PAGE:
In 1947, Max Delbrück, the German-born physicist-turned-geneticist then resident in the United States, was preparing to visit Germany. Hermann Muller, a US geneticist, asked him to find out which German geneticists had never voluntarily helped the Nazi regime. This information, he suggested, “would be very helpful to our Committee on Aid to Geneticists Abroad, because many of the members … do not want to have their money used to help people who had taken part in the prostitution of science”.

Seven years earlier, Sir Richard Gregory, former editor of Nature, pointed out the dangers of basing science on principles other than scientific ones: “To make race, political convictions, or religious faith, barriers to the pursuit of natural knowledge, means that science in Nazi Germany loses its soul for the purpose of gaining the world.” Muller and Gregory believed that science is so pure that its ideological and practical support of Nazi race policy could be called a prostitution, and is so universal and independent of national or ethnic affiliations that it would lose its soul if it excluded people of supposedly different races.

More recently, disillusionment about the contributions of eminent scientists to the Nazi regime has led many to question the notion of a pure, universal, basic science, and even to reject it as a myth. Instead, science has been redefined as a socially organized, political enterprise with a high potential for creating power. Proponents of this view argue that science must be politically responsible, directed towards socially acceptable goals, and assessed according to its long-range consequences.

But the call for politically responsible science, and hence more power for scientists, does not guarantee an ethical stance. Environmentalists' attempts in the 1980s to create a ‘political ecology’ as the ‘guiding science of post-modernism’ is a case in point. The intellectual origins of their criticisms of ‘causal reductionist’ science lie in the 1920s, when German ecologists, among them Karl Friederichs, proclaimed ecology as a path to “a view of the world, in which everything is related to everything else, everything directly or indirectly affects everything else”. Friederichs became a leading Nazi ecologist, and he and his colleagues created and spread the view of biology as an eminent political science aimed at serving “the benefit of the people [Volk]” and of ecology as the “doctrine of blood and soil”.

Eugenics, or race hygiene, is another case of scientists claiming to act in a politically responsible manner. To avert long-range threats to the gene pool they demanded compulsory sterilization of ‘genetically unfit’ people. These attempts to create a politically responsible biology ended disastrously. If we criticize reductionist science for having contributed to the technical and military power of the Nazis, we have to acknowledge that ‘politically responsible’ biologists provided for their ideological and political power.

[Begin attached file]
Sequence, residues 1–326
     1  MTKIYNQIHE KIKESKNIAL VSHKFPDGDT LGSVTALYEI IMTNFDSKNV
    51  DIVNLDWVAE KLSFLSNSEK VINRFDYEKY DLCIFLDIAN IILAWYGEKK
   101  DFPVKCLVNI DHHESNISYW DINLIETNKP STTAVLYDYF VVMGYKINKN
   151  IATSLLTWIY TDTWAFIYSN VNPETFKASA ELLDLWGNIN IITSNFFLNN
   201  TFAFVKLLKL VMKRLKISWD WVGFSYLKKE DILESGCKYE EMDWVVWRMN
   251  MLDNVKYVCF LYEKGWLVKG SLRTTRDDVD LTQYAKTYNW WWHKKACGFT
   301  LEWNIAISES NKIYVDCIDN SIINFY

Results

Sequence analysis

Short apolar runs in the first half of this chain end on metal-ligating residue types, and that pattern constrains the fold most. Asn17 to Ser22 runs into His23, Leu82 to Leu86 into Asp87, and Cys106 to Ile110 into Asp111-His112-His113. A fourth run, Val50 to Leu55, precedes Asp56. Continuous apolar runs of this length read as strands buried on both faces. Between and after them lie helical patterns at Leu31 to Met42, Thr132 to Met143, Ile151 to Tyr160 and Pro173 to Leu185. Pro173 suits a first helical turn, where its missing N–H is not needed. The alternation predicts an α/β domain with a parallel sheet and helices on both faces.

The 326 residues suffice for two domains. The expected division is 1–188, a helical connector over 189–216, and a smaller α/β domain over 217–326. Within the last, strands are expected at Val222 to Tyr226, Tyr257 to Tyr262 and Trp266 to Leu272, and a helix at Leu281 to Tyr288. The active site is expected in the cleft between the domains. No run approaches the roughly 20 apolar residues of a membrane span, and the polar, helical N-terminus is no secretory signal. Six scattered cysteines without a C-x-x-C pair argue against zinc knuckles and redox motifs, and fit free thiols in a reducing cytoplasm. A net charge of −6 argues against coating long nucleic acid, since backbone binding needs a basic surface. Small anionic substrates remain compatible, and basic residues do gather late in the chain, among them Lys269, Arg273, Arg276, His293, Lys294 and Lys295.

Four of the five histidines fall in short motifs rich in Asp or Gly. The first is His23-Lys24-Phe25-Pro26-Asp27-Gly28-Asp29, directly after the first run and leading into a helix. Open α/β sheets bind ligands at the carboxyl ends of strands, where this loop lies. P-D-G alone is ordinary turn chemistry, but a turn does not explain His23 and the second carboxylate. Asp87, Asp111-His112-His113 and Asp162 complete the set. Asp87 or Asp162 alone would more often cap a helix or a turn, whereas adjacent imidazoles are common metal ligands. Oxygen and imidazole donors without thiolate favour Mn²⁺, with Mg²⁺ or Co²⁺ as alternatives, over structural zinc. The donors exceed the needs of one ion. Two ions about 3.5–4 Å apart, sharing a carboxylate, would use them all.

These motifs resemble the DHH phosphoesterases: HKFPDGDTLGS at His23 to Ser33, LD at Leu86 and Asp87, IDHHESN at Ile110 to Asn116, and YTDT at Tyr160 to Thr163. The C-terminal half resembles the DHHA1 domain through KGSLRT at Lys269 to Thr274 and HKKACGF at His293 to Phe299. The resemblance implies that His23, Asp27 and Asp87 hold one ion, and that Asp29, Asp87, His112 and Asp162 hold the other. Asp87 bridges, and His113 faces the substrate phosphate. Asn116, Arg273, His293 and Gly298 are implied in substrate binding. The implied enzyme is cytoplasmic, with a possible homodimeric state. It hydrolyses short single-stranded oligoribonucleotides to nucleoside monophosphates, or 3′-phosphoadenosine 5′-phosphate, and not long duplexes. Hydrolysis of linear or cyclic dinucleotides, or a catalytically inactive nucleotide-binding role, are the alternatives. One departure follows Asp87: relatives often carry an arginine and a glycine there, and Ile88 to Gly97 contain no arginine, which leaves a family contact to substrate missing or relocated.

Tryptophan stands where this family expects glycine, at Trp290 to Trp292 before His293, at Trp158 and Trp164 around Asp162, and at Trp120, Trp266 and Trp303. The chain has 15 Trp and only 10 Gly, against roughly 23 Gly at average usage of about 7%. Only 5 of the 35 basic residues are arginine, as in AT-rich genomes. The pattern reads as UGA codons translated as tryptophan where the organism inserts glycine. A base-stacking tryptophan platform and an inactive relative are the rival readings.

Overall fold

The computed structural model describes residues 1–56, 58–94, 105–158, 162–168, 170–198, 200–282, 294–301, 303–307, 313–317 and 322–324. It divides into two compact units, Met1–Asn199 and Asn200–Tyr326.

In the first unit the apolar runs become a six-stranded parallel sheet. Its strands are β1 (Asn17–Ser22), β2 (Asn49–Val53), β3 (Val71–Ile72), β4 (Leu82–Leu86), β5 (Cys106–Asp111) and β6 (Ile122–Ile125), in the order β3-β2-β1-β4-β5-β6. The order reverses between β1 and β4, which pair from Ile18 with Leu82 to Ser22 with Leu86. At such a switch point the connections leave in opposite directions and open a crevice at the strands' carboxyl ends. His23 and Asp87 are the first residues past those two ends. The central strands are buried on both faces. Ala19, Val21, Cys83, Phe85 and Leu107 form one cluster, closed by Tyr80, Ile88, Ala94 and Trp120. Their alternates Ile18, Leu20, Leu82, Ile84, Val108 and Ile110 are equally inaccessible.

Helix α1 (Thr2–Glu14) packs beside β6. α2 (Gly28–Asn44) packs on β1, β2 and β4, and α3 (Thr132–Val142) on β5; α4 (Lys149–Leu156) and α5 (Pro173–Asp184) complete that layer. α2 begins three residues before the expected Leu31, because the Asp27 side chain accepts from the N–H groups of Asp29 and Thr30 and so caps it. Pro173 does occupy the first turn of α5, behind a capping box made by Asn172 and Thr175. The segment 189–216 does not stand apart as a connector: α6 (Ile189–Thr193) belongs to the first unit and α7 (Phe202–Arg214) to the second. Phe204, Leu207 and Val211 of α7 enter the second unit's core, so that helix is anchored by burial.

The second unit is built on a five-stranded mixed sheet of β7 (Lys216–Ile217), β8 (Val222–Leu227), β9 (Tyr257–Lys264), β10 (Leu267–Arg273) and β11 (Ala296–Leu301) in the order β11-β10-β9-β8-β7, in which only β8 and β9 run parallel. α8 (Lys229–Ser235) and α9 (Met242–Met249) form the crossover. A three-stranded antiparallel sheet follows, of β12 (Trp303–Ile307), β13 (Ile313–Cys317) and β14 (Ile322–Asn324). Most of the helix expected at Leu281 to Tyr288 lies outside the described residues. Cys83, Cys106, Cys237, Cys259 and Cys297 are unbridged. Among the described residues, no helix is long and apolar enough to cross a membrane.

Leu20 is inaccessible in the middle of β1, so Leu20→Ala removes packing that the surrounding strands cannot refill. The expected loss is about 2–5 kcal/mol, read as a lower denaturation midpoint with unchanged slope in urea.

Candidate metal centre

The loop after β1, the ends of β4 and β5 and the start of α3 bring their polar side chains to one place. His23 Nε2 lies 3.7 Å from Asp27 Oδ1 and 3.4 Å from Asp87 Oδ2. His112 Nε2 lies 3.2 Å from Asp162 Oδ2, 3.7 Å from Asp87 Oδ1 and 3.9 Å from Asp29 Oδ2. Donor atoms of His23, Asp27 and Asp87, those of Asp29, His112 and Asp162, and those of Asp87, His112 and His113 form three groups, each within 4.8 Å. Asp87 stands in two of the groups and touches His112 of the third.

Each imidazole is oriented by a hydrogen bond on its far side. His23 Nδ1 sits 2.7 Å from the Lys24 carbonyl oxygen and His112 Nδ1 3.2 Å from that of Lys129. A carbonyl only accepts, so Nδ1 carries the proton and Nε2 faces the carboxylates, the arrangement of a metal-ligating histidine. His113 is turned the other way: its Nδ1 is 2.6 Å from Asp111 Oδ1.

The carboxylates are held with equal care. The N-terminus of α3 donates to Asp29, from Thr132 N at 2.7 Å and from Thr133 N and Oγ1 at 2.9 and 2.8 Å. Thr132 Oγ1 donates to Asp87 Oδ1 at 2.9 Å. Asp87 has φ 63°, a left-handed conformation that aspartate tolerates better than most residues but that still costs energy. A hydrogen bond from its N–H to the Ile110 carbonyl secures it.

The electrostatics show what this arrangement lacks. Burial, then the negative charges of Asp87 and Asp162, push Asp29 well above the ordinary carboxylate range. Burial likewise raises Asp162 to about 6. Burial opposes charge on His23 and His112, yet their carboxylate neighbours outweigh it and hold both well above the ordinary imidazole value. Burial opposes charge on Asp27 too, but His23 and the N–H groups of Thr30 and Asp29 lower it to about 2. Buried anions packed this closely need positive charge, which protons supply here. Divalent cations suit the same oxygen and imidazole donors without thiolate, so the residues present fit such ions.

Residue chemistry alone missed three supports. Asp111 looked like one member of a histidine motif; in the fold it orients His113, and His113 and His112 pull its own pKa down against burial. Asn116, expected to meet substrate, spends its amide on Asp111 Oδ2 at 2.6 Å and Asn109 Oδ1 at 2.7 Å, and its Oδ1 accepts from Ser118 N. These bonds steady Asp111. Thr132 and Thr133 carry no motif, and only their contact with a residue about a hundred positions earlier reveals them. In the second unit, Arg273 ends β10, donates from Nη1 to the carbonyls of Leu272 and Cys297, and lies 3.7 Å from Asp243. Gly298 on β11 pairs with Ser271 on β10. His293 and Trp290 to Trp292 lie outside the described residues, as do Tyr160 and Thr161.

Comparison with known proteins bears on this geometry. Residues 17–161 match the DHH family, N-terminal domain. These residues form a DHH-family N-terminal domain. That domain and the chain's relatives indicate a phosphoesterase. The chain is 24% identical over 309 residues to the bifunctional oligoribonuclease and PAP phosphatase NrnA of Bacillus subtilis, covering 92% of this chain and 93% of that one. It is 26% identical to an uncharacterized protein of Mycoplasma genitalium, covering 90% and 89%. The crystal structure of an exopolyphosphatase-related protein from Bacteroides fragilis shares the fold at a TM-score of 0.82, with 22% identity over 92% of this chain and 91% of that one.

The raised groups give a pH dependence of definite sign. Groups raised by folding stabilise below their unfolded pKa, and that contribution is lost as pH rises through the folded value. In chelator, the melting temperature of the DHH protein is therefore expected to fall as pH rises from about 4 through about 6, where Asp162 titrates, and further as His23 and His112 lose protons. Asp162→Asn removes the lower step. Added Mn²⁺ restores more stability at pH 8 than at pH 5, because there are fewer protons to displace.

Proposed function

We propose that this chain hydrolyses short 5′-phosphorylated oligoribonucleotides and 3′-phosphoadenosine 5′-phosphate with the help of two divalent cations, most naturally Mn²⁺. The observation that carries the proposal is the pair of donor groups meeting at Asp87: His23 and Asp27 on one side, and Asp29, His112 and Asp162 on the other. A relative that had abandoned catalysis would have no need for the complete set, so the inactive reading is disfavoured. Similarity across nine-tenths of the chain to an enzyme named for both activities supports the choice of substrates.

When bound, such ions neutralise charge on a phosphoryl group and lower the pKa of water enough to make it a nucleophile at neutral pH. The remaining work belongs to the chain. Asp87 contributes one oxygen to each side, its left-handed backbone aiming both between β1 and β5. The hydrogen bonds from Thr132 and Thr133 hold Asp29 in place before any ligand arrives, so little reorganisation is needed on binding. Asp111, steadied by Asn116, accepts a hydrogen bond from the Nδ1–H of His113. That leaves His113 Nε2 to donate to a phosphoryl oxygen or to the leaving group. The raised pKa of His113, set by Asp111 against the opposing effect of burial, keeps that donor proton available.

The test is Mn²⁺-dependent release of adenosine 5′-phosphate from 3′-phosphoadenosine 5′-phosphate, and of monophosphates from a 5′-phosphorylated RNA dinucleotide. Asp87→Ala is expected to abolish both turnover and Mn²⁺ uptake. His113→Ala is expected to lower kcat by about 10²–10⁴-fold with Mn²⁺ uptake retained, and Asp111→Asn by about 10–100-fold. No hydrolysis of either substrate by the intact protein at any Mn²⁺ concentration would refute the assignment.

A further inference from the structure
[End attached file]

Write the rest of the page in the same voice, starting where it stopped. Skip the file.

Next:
Loaded questions: a german physician conducts ‘ethnological’ research on a gypsy woman. Left: Adolf Windus, who resisted calls to “serve the general good”. Credit: AKG

In contrast to the rhetoric of his fellow German scientists, Adolf Windaus, the 1928 Nobel laureate for chemistry — and one of the few who refused to compromise or work with the Nazis — frankly admitted that his science had no ethical agenda. In 1948, a colleague argued that “it is the final task of every science to serve the general good”.

“I have always felt differently,” replied Windaus. “My motive has been scientific curiosity. I wanted to know what is the structure of a substance…. I have never thought that by this I might serve the general good. … I was induced to remind myself of all this, because recently a Swiss philosopher strongly criticised scientific curiosity, the quest for knowledge, for the sake of knowledge, as value-free science. He even attributed the atrocities of the experiments on defenceless humans to such curiosity. I believe a scientist is self-evidently bound to ethical principles, as is every man, but his quest for knowledge has, at first, nothing to do with morality.”

Windhaus was right to point to a scientific level outside politics, ethics and applications. It is not the quest for knowledge that was responsible for the atrocities, but, as Windaus argued, the fact that scientists did not pay due regard to normal ethical principles. Nazi ‘moral standards’ were not imposed on scientists. On the contrary, for whatever reason — opportunism, conviction, promotion or power — scientists lent their support to ranking human beings as valuable, inferior or worthless, hence providing the ideological basis of the Nazi state.

Otmar von Verschuer, for example, the director of the Kaiser Wilhelm Institute for Anthropology, collaborated with Josef Mengele in Auschwitz. His acceptance of organs and blood from deliberately infected concentration-camp inmates, stands, according to the German geneticist Benno Müller-Hill, as the most infamous crime in which geneticists have participated. These researchers clearly transgressed the limits of science.

The example of Nazi Germany shows that ‘politically responsible’ science endowed with power can have disastrous consequences for innocent people and for science itself. The call for politically responsible science, frequently heard today, cannot solve the problem of how scientists can prevent science from serving immoral, inhuman ends.